"Philosophy in the Mass Age, Essay VI" by George Grant
"The Limits of Progress"

I) Why Marxism failed in the West but succeeded in the East.
  • i) It actually subordinates human freedom to the "objective conditions of the world". (p.66)
  • ii) After being made even cruder by Engels, then Lenin, the Party came to ruthlessly suppress individuality with newfound "scientific" justification. (p.67)
  • iii) Marxism in the East was adapted to simple, materialist, practical goals rather than the realization of human freedom; it could not address the spirit of freedom which the West had already gone through (p.67).
  • iv) Freedom has actually been suppressed for the sake of practical objectives (p.67).
  • v) Eastern Marxism does away with those very Christian, escatological goals which were at its heart.

II) Ancient v. Modern (p.70-71)
  • i) Acceptance of the conditions of life v. the rebellion against them.
  • ii) Acceptance or not in the relationship with the world.
  • iii) Acceptance or not in our relationship with each other.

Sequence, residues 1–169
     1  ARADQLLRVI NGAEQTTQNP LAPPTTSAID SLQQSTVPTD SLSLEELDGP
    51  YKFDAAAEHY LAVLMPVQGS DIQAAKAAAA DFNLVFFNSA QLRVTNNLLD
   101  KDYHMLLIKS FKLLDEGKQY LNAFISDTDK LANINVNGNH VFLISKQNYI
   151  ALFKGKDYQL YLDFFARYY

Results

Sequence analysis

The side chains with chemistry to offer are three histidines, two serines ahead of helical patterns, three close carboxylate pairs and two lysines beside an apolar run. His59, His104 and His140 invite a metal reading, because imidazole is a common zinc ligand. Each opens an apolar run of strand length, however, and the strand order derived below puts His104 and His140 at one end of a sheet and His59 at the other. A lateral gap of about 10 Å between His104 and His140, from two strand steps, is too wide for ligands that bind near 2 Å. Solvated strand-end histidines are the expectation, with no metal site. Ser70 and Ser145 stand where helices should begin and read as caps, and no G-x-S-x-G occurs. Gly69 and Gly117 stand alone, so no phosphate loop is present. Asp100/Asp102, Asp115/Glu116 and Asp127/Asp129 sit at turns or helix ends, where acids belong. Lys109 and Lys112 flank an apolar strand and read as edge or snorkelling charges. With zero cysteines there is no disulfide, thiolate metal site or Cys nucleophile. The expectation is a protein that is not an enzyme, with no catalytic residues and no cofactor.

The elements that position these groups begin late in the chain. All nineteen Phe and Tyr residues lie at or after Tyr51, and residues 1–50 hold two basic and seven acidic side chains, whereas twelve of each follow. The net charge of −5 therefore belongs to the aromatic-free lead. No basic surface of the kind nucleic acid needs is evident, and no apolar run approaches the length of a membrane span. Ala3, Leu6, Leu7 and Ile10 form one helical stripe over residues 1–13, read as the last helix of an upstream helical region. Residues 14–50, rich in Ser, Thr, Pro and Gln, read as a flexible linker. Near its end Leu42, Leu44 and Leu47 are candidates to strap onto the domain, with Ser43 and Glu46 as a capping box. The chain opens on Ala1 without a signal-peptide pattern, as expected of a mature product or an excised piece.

• iv) Acceptance of God v. negative, then positive, rejections of God as a limit.

"Philosophy in the Mass Age, Essay VIII and Appendix II" by George Grant
"Law, Freedom, and Progress"

I) "How can we think an absolute morality that does not deny human freedom and the hope that evil will be overcome?" -- Grant, (p.91)
II) "It is indeed the failure to resolve this contradiction [of the unchangableness of God, together with the God who works in history] which makes me unable to accept any of the traditional theologies as adequate." -- Grant, (p.91)
III) "The justification of moral law would involve showing that without such a conception [that all of our agonies] must count as nothing, and why they do not so count." (p.93)
IV) Modern Protestantism condemned for being an uncharitable, uncommunicative, intellectual ghetto (p.94).
V) A moral language must be concerned with communication; appeal to faith insufficient (p.95).

"Appendix II"

I) Written in 1966; seven years after the original publication.

II) "If a man still hungers for the bread of eternal life in the midst of the modern dynamism, he must seek to satisfy that hunger, even though he knows his talents are limited." (p.118)

III) Living traditions all destroyed, most turn back to the past.

IV) Grant's loss of faith in the reconciability of the old traditions with the new (p.119)
  • i) ...loss of faith in Hegel (p.120).
  • ii) ...loss of trust in human redemption in the form of leisure (p.120).
V) Hegel did not do better than Plato (p.121-122)

VI) Thanks to Strauss (p.122).